I’m asked quite regularly my opinion on the viability of an assessment methodology known as ’employee profiling’, which is quite commonly used to assist organisations in making sound hiring decisions.
These methods are neither correct nor incorrect and it’s difficult to provide a definitive answer to this question, but rather their degree of effectiveness and relevance depends entirely on the individual circumstance.
To assist you in making the right decision for your organisation I will outline below both the pros and cons to profiling and how it can be used effectively.
How profiling assessments methodologies are conducted?
- A selection of an organisations high-performing employees are chosen and given the opportunity to take an assessment that is designed to measure a number of characteristics related to performance. Regardless of the role, the content is usually the same. The score patterns then serve as a benchmark for hiring.
- During the hiring process, candidates are required to sit the same test and the results are then benchmarked against the current high performers. Those applicants who most closely match the ideal profile are viewed as having the best chance of success and are recommended for hire in an effort to “clone” high performers.
Logically, applicants scoring the same as ‘high performers’ have more in common indicating that they too have what it takes to be a high performer.
What are Pros and Cons of this Methodology?
Let’s start with the pros:
- Intuitive: The idea behind profiling makes sense. Look at your best performers and develop a profile that can be used to make sure you hire staff who model success. SIMPLE?!
- Fast: While many assessment methods are timely to implement, profiling can usually be implemented relatively quickly and reused across multiple opportunities.
In the IT space I have seen this work really well when a profile assessment has been specifically created for role, like Project Managers.
One of the downsides to using a strict Profile Assessment Methodology is that across different roles i.e. Business Analysts, Project Managers, Web Developers, and Solution Architects, they all share different characteristics, that in their own right make them high performers in their specific field. I’ve touched base on a few other cons below:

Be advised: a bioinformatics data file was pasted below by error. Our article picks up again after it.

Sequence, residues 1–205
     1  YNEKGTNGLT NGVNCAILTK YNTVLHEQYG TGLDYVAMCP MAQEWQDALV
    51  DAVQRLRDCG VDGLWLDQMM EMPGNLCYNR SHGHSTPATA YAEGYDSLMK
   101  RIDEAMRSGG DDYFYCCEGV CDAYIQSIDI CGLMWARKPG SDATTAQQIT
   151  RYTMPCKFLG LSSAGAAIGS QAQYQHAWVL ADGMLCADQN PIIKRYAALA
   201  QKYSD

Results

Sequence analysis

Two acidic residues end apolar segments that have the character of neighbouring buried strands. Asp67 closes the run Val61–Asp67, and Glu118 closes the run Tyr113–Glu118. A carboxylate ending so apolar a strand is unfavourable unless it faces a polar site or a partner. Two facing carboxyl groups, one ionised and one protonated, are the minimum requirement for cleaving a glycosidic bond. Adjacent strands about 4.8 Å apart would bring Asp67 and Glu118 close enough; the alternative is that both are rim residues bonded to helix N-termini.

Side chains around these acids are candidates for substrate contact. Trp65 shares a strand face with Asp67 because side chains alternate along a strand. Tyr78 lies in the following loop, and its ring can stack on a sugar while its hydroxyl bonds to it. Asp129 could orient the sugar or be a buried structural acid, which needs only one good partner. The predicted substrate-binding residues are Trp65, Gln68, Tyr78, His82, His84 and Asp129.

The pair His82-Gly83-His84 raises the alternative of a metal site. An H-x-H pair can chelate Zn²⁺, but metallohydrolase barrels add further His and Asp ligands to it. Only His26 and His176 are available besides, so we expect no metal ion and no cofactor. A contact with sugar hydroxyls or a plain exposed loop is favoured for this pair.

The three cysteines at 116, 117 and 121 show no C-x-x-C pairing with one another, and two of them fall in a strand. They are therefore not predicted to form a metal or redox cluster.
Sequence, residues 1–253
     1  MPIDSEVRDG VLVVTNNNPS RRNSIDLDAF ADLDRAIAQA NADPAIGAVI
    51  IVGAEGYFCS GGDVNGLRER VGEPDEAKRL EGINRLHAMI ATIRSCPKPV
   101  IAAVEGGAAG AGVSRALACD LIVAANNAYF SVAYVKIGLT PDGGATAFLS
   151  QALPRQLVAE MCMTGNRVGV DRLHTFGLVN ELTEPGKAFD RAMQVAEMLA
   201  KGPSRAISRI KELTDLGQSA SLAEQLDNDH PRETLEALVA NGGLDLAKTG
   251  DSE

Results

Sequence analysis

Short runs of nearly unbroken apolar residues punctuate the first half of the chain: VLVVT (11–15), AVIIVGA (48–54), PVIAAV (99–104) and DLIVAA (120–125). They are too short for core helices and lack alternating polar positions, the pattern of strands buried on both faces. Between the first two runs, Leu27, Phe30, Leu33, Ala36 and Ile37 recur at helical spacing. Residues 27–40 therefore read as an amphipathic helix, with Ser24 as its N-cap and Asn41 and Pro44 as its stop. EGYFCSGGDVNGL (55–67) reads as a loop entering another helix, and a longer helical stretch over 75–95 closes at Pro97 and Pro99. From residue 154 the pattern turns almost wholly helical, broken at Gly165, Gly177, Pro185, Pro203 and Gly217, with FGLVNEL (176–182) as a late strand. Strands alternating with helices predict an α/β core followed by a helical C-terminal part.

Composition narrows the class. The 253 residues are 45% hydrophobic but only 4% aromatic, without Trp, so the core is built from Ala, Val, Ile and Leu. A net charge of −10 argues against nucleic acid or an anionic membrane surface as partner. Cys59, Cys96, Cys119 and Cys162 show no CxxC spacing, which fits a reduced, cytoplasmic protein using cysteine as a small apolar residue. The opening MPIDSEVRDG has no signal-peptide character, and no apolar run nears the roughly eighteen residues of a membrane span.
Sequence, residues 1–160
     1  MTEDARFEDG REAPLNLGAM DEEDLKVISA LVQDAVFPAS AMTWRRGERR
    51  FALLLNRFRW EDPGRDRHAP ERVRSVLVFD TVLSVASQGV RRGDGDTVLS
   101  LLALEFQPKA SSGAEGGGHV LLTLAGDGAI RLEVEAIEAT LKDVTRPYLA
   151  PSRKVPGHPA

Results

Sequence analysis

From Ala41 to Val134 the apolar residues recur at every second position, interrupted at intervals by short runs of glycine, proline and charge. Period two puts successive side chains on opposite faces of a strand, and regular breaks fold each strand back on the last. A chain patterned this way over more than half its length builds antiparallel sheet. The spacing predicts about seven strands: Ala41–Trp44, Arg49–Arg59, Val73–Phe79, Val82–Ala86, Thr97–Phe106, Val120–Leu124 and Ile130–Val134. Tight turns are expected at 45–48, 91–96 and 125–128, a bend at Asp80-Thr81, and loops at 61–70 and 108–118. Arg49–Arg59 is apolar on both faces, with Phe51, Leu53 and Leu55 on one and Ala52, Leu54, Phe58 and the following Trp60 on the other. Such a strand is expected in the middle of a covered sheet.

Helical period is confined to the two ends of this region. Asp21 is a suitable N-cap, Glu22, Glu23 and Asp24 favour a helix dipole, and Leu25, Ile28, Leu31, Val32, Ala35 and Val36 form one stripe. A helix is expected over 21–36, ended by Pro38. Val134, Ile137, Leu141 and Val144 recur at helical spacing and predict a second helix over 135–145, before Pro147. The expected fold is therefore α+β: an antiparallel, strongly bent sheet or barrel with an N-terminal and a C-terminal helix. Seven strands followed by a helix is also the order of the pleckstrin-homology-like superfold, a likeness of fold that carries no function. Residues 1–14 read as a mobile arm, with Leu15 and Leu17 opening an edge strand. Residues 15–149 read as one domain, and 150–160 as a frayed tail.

- Deficiency: When only one assessment is used for all situations, organisations may find that the content of this assessment will not fully capture all of the things required for performing the specific role.
- Failure to account for change: This is a big downside as it does not account for the fact that the top performers surveyed may have had a different job profile at the time of hire.
- In many cases, job performance and on-the-job training may allow an individual to learn and develop in many positive ways. Thus, the profile provided may be an unrealistic one for staff who have not performed the job in question.
- Over-reliance on “the profile”: as this may create unrealistic standards that can lead to an over-reliance on some attributes and under-reliance on others. Hiring decisions should be the result of balanced information of many types, and the best hiring systems are designed to provide key decision-makers with a variety of information.
The above criticisms can apply to other assessment methods. However, they are worth considering when evaluating the relevance of profiling methods for an organisation’s needs.
Below I have mentioned a few situations where profiling is an ideal methodology for a company to use;
- An off-the-shelf assessment is needed quickly: Profiling is one of the fastest and easiest assessment methods to implement.
- The role is mainstream and doesn’t have any specific requirements: Most profiling uses one set of content for all jobs means that the profiling assessment content will be relevant.
- The organisation is too small or there are too few incumbents to do a proper validation study: Validation research requires relatively large numbers of incumbents to produce a more accurate result.
From my experience the decision regarding the relevance of profiling for a company’s needs comes down to speed vs. accuracy. In such situations, speed and financial expense are often the key decision criteria and a reduction in accuracy is accepted as a result.
In these cases, profiling is a legitimate option and one that will still provide more accuracy than using no assessment or simply using an unstructured interview.
I hope this is helpful, and gives you a better understanding of the pros and cons that need to be considered when choosing the right assessment tool for your recruitment process.
For further information or to discuss please contact me on email@example.com or 07 3230 0037
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